Hurricane Ian responders may have faced setbacks due to solar flare, NASA claims

Sunday’s solar flare, which was the most powerful in three years, may have exacerbated difficulties faced by first responders dealing with the aftermath of Hurricane Ian in Florida and the Carolinas.

The solar flare, classified as an X1 (the mildest form of the strongest category of flares) erupted from the sun on Sunday at 3:53 p.m. EDT (1953 GMT) and peaked about 30 minutes later. Since solar flares travel near the speed of light, anyone in its path would have experienced a radio blackout lasting up to an hour long.

Solar flares are not uncommon, but this one posed a particular problem because of its timing and location. The resulting radio blackout made it difficult for emergency responders to communicate with each other and coordinate their efforts. In addition, the solar flare may have caused problems for other electronic devices in the affected area, including cell phones and GPS units.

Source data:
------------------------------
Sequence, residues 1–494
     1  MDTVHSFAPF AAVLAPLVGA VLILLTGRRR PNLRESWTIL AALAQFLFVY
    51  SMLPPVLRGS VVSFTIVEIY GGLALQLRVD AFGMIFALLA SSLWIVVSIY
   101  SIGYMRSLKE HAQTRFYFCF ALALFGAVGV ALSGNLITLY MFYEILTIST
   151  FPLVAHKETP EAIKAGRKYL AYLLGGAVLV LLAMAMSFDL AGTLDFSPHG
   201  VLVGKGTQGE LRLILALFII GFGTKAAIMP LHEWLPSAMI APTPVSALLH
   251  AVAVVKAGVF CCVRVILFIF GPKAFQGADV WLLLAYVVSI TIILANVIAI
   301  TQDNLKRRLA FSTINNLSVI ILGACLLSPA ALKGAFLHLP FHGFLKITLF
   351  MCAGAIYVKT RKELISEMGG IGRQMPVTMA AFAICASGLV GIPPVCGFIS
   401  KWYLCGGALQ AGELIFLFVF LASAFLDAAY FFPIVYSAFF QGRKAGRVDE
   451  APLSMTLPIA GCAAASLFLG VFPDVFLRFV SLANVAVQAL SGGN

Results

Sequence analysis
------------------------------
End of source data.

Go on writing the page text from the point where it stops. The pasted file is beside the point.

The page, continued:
Fortunately, the radio blackout was relatively short-lived and emergency responders were able to quickly adapt to the situation. However, the solar flare serves as a reminder of the potential disruptions that can be caused by space weather.

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